Louis Harshall attacked the Johnson Immigration Bill, passed Saturday by the House of Representatives, in an address yesterday at Temple Emanu-El. The measure, he said, was not inspired by any desire for the good of the country, but by intolerance, prejudice and ignorance. He urged that every effort be made to defeat it in the Senate, for, once it became a law, he said it would be extremely difficult to remove it from the statute books.
‘Up to the present,” he said,” no one has complained that there have been too many people in the United States. Only a few years ago, when the World War was at its height, the question was not asked of those who were conscripted whether they were immigrants or not. They were only asked to serve for the perpetuation of civilization and the honor of America.
“Now the cry has gone forth that there are too many immigrants and that the need of new blood has ceased; that the country should be self-contained and that those who cannot be assimilated should be kept out.
“The children of immigrants enter the public schools and become Americanized and speak the language and enter into the life of the community. They are as intelligent, at least, as the sons and daughters of the older generations. They do not keep themselves aloof from the American people, but are as patriotic as the Sons and Daughters of the American Revolution. Their record in the rebellion, the Spanish-American war and the last war, proves this, and yet we are told the immigrant is difficult to assimilate.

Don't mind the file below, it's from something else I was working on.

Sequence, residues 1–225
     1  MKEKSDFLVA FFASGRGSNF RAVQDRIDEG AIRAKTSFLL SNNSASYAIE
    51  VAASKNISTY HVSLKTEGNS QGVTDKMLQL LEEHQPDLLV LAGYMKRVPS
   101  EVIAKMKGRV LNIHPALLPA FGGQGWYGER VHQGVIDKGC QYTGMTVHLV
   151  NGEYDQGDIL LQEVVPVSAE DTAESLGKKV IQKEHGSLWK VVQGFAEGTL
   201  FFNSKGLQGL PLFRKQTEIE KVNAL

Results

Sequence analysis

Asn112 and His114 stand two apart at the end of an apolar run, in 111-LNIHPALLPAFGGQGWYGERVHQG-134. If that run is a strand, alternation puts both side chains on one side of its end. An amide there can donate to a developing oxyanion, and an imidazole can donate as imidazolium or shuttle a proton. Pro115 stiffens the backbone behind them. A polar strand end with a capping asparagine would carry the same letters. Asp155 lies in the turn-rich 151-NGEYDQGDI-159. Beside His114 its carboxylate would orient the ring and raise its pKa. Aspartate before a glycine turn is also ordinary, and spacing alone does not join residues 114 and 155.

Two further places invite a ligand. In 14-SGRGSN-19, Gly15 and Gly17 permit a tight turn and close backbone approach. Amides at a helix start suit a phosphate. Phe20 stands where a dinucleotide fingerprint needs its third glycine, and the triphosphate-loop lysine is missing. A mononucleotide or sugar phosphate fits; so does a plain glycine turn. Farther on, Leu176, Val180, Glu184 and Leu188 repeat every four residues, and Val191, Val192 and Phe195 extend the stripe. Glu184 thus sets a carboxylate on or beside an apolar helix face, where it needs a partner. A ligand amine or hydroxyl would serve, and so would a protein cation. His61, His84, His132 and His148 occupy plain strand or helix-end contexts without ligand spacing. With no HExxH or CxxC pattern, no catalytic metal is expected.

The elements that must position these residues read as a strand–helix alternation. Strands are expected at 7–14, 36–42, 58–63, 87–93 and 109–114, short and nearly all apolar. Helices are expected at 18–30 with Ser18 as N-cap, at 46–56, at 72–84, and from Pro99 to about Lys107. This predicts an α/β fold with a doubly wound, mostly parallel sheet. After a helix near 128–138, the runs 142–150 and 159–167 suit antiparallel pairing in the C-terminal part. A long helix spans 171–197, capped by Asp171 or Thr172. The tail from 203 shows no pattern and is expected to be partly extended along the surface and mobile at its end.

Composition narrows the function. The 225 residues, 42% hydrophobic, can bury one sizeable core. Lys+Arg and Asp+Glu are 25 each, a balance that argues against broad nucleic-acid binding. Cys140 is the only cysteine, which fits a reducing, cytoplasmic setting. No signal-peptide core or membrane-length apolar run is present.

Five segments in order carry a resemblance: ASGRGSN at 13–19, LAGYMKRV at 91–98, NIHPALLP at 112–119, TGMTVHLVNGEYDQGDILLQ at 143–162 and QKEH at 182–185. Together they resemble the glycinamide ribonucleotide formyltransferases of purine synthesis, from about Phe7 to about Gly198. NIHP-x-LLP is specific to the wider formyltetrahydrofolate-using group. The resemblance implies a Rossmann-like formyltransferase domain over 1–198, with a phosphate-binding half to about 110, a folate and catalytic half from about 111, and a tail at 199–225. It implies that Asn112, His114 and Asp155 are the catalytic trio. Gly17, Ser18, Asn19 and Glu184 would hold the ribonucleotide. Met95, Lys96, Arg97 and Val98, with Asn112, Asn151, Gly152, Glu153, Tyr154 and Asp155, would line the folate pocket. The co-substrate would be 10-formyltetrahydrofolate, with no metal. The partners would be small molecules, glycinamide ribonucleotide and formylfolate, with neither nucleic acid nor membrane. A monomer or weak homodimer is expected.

“What is assimilation? It is much like all shibboleths and slogans – an aid to the feeble-minded. Israel Zangwill, whom I respect, never did a more mischievous thing than when he talked about the “Nelting Post.” There is no such thing: it is bunk. I know something of metals. Put them all together into a pot and try to fuse them and you have something of no value. They should be used individually, as they were intended, all for the common good.
“Assmiliation really means whether an immigrant feels at home here or not; whether he loves our country or hates it, and works for its common welfare or not. In the case of some people, it means that the immigrant must forget everything in his past, the literature he has know for a lifetime and his religion, and be a hypocrite. I have always discussed immigration from the standpoint of what is best for our country; never from the Jewish standpoint. Yet the Jew brought his Bible here and the finest in his family life. Would he have been any better if he had been ‘assimilated’ and had cast aside his glorious past? No; and what it true of him is true of all peoples.”
The Archive of the Jewish Telegraphic Agency includes articles published from 1923 to 2008. Archive stories reflect the journalistic standards and practices of the time they were published.